An in-school fix for student stress
A holistic medicine experiment is resulting in happier kids.
As many as 10 percent of children aged 13 to 18 are diagnosed with generalized anxiety, social phobia, PTSD, or other stress disorders. Yet because of transportation, scheduling, and insurance problems — as well as lingering stigma — fewer than 1 in 5 of these children receive the treatment they need.
But here’s the good news: A recent study of Boston-area high schoolers has found that offering holistic therapies like acupuncture at school can decrease symptoms of stress by as much as a third. “These complementary therapies were minimally invasive and cost-effective,” says lead researcher Dr. Nada Milosavljevic, a Massachusetts General Hospital psychiatrist. “And because they were done on-site, they were very accessible for students without disrupting their school day too much.” She offered students at three local schools 30 minutes of aromatherapy, sound therapy, and acupuncture once a week for eight weeks. Not only did the treatment calm students’ worries, it also taught them skills they could use to manage stress outside of school.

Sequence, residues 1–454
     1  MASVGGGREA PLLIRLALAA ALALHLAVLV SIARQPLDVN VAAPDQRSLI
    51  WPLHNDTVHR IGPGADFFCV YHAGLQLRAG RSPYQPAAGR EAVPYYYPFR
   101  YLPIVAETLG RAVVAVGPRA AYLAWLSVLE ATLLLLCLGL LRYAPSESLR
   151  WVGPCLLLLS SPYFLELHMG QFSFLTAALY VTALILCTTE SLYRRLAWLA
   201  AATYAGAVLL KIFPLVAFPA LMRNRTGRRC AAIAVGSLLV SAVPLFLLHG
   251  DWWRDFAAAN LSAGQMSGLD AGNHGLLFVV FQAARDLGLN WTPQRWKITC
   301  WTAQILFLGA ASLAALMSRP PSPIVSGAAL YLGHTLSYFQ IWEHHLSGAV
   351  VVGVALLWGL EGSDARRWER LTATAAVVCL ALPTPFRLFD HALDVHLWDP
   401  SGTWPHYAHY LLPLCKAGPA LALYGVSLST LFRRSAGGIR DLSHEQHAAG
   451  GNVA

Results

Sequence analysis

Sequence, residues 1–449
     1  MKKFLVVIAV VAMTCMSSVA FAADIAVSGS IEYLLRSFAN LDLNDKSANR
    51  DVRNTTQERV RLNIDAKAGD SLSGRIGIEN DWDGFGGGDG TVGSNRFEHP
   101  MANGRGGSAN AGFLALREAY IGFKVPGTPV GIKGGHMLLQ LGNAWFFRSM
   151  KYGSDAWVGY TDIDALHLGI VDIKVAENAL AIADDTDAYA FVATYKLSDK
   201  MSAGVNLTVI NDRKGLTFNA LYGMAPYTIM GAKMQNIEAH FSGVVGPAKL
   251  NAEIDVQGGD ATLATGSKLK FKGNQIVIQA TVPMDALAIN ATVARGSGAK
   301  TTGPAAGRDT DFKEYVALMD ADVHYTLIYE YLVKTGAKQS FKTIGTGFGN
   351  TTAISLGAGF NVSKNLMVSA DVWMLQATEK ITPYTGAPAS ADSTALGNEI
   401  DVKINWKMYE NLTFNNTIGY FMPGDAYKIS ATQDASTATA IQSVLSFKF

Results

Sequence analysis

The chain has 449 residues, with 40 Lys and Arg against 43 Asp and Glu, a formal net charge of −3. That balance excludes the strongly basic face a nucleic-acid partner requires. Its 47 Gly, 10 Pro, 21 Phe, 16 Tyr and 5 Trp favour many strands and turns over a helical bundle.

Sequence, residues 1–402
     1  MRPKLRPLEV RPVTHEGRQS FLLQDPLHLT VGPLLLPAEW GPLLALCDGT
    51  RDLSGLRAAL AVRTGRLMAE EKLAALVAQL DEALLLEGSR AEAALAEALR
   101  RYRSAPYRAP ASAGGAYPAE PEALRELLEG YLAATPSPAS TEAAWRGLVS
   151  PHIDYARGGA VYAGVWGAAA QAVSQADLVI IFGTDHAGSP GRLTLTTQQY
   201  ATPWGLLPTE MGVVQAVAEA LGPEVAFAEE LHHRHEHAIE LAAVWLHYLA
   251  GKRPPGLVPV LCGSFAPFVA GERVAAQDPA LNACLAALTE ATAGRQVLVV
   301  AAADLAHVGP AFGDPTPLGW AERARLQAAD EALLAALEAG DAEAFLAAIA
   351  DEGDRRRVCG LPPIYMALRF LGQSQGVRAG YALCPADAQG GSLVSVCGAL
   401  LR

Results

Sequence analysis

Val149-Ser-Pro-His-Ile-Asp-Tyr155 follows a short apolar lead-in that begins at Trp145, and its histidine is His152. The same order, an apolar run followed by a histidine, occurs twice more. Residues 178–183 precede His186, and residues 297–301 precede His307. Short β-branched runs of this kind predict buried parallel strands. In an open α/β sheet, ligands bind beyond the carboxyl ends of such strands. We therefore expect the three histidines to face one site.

Perhaps the best part for the study participants was that the alternative treatments helped destigmatize their mental health challenges. “We found they were willing to talk about things they might have had difficulty mentioning before, which meant they sought out treatment more readily,” Milosavljevic says. “It was fascinating to see; they started bringing their friends in to show them what the treatments were all about. They thought the different therapies were ‘cool.’ ”
This fall, “Dr. Milo,” as she’s known, will launch Sage Tonic, a website and app that will help users customize their own holistic therapies and offer a line of teas and essential-oil towelettes for use on the go.
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